How old would you be if you didn’t know how old you are?
“We don’t stop playing because we grow old. We grow old because we stop playing.” George Bernard Shaw
One of the secrets to unlocking the Power of Happier Ageing is realising that you really are only as old as you feel. Yes, there is the reality of a birth date that marks the number of years you’ve been alive. But that should not determine what you’re capable of. You could, according to scientists, be biologically 10 years or more younger, depending on both your physical and psychological habits. So let’s take a look at how old you might actually be:
Each year we will, if we are lucky, turn another year older. Our chronological age is how old we are based solely on the passage of time. We cannot change our chronological age and most of us accept this as the norm. People behave accordingly and describe behaviours by likening them to particular ages or stages of life. Sleeping “like babies”, approaching activities with “youthful exuberance”, becoming “too old” to learn something new.
Our chronological age has no consideration for external factors. If you were born 60 years ago you are, chronologically speaking, 60 years old. And as our chronological age progresses there is no doubt that we will experience change that lets us know we are, in fact, ageing.
Physical changes are most noticeable as we age chronologically and are most often linked to our sense of growing older. We lose, on average, 5 percent of our muscle mass every 10 years after the age of 35. Muscles impact not only our strength, they are responsible for keeping our metabolic system intact. They protect against metabolic and hormonal decline, obesity, diabetes, and cardiovascular disease. Loss of muscle can equate to a general loss of physical energy, a tendency to gain excess weight, increased vulnerability to disease, and accelerated ageing.
There is an unwritten assumption that we will stop working when we reach a certain age. For most of us, the role we play to support ourselves or our families gives us a sense of purpose and satisfaction. After retirement we may have fewer opportunities for our brains to think critically and learn new things.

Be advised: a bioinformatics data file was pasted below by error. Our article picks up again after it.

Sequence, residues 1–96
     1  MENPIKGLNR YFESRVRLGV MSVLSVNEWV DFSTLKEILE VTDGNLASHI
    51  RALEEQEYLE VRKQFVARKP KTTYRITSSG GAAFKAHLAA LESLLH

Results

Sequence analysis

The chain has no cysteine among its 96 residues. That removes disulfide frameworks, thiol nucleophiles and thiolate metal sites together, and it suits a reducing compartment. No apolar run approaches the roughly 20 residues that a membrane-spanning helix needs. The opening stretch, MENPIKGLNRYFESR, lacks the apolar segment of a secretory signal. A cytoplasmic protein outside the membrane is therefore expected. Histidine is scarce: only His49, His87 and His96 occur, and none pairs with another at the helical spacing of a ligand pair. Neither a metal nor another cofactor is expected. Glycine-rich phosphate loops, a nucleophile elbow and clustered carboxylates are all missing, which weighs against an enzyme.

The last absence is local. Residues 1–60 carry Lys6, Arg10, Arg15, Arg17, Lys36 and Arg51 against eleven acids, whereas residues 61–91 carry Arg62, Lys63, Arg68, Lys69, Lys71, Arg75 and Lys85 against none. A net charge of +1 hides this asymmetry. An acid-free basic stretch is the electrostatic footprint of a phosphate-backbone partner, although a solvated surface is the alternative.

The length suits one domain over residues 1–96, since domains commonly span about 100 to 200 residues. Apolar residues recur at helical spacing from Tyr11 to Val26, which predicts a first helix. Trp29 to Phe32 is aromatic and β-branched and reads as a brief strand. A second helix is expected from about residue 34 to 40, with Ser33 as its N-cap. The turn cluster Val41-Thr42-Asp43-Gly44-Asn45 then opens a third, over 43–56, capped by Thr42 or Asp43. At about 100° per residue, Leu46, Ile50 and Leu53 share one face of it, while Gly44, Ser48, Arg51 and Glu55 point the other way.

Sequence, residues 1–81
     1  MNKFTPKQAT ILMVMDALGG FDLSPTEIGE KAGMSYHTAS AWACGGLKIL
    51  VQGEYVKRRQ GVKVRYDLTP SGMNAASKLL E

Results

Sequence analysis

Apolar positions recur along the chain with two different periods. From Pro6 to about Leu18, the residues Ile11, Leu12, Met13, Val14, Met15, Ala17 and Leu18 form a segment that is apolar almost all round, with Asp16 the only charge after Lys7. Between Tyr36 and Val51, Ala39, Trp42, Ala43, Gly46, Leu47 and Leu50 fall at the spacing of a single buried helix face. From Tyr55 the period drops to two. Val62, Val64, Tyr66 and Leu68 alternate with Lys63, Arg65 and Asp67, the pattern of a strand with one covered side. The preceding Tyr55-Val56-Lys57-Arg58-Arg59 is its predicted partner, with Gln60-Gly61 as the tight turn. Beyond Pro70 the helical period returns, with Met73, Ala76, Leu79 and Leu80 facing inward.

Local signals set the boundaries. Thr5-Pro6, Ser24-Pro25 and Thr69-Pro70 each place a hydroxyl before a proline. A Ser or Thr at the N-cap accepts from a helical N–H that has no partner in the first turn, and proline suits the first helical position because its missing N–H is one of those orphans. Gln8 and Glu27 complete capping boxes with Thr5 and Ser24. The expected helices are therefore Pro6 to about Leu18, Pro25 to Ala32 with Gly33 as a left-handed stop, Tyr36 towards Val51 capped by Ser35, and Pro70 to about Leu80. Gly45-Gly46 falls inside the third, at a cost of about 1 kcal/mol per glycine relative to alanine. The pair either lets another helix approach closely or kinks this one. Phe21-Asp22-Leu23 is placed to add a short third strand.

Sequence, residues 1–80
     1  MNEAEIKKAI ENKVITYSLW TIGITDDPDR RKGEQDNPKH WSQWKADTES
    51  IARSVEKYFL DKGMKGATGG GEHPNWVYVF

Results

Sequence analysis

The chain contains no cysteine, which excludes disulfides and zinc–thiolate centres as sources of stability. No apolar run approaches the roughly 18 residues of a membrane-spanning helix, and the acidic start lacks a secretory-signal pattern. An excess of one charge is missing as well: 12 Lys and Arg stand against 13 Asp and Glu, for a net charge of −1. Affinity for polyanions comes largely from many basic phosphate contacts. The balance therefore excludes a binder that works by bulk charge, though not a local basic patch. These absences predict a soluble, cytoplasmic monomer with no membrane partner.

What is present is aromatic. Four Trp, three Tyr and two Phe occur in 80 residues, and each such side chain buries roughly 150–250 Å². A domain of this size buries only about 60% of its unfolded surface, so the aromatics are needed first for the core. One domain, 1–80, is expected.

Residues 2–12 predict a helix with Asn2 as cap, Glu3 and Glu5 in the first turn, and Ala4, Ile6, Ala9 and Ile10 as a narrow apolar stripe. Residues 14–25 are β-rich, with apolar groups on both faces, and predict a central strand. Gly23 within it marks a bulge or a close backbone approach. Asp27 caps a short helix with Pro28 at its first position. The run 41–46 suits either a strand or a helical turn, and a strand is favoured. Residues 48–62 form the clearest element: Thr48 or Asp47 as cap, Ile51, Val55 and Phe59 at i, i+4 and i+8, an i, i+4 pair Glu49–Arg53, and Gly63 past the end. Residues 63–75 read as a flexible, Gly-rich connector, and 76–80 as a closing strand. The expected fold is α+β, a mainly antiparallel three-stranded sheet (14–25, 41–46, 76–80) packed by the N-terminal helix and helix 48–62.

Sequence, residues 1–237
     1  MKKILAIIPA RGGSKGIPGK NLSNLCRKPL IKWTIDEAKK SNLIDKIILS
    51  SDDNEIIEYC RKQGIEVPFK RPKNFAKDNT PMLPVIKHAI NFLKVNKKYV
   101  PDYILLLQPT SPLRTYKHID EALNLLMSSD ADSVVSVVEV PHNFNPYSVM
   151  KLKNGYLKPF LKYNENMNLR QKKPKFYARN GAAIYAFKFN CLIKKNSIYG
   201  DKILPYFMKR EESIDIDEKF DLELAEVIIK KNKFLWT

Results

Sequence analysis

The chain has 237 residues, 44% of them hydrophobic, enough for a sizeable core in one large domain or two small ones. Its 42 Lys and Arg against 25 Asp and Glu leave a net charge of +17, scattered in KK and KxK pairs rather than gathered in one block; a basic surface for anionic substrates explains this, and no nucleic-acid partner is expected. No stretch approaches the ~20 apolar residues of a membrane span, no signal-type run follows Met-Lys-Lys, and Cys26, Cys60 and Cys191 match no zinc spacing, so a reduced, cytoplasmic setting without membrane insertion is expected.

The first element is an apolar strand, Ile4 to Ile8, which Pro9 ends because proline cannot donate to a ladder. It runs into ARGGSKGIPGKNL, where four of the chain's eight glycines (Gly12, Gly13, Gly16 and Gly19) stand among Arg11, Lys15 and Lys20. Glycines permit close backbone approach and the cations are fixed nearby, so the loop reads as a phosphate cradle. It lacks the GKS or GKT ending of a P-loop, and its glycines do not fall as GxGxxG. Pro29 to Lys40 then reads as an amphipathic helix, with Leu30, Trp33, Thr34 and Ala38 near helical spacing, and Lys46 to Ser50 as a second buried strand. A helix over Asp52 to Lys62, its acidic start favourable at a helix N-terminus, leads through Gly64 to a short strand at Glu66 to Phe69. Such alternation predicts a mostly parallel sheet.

Emotional & Mental
The physical changes we experience can have both a direct and indirect impact on our health. For example reduced mobility can not only lead to misplaced feelings of inadequacy but can also reduce our ability to maintain social connections with friends and community. This leads to the risk of disconnection, social isolation, loneliness and a 26 percent increased risk of mortality.
When you consider the impact our environment and lifestyle choices have on our physical, emotional and cognitive health it is no surprise that our biological age is more important than our chronological age. Our biological age is the cumulative result of everything that has impacted on the our health and the function of our cells during our life. A person who has chosen to eat well, exercise, never smoked, consumed alcohol moderately or not at all, surrounded themselves with friends, family and community and felt a sense of purpose throughout their life is likely to have a lower biological age than their chronological age. On the flip side, a person who has no regard for their health and wellbeing, is disconnected from friends and family and has no sense of purpose will be likely to be older biologically than their chronological age.
Scientists can now test people to show them how their lifestyle choices are impacting their ageing process. For a simple version of this test, you can visit biological-age.com and learn your biological age!
Most importantly however, our biological age is hugely impacted by how we think and feel about our life. Stress, anxiety and feelings of a lack of possibility can reduce our lifespan by up to 7.5 years. It is this psychological age – how we view ourselves and where we are at in our life – that has the greatest impact on how we age, greater than a healthy diet and exercise, greater than choosing to smoke or not smoke and greater than any socio-economic factors.
The placebo effect illustrates beautifully the power of the mind and how perception can influence an outcome. The placebo produces a positive outcome because the patient believes they are receiving a useful treatment. As Harvard psychologist Dr Ellen Langer says: “Wherever you put the mind, you’re necessarily putting the body.”
So back to that question: how old would YOU be if you didn’t know how old you are?
At Nurse Next Door, we are passionate about Making Lives Better. If you want to celebrate ageing click here to learn more about The Power of Happier Ageing or contact us today on 1300 600 247 to discuss how Nurse Next Door can help you keep doing what you love.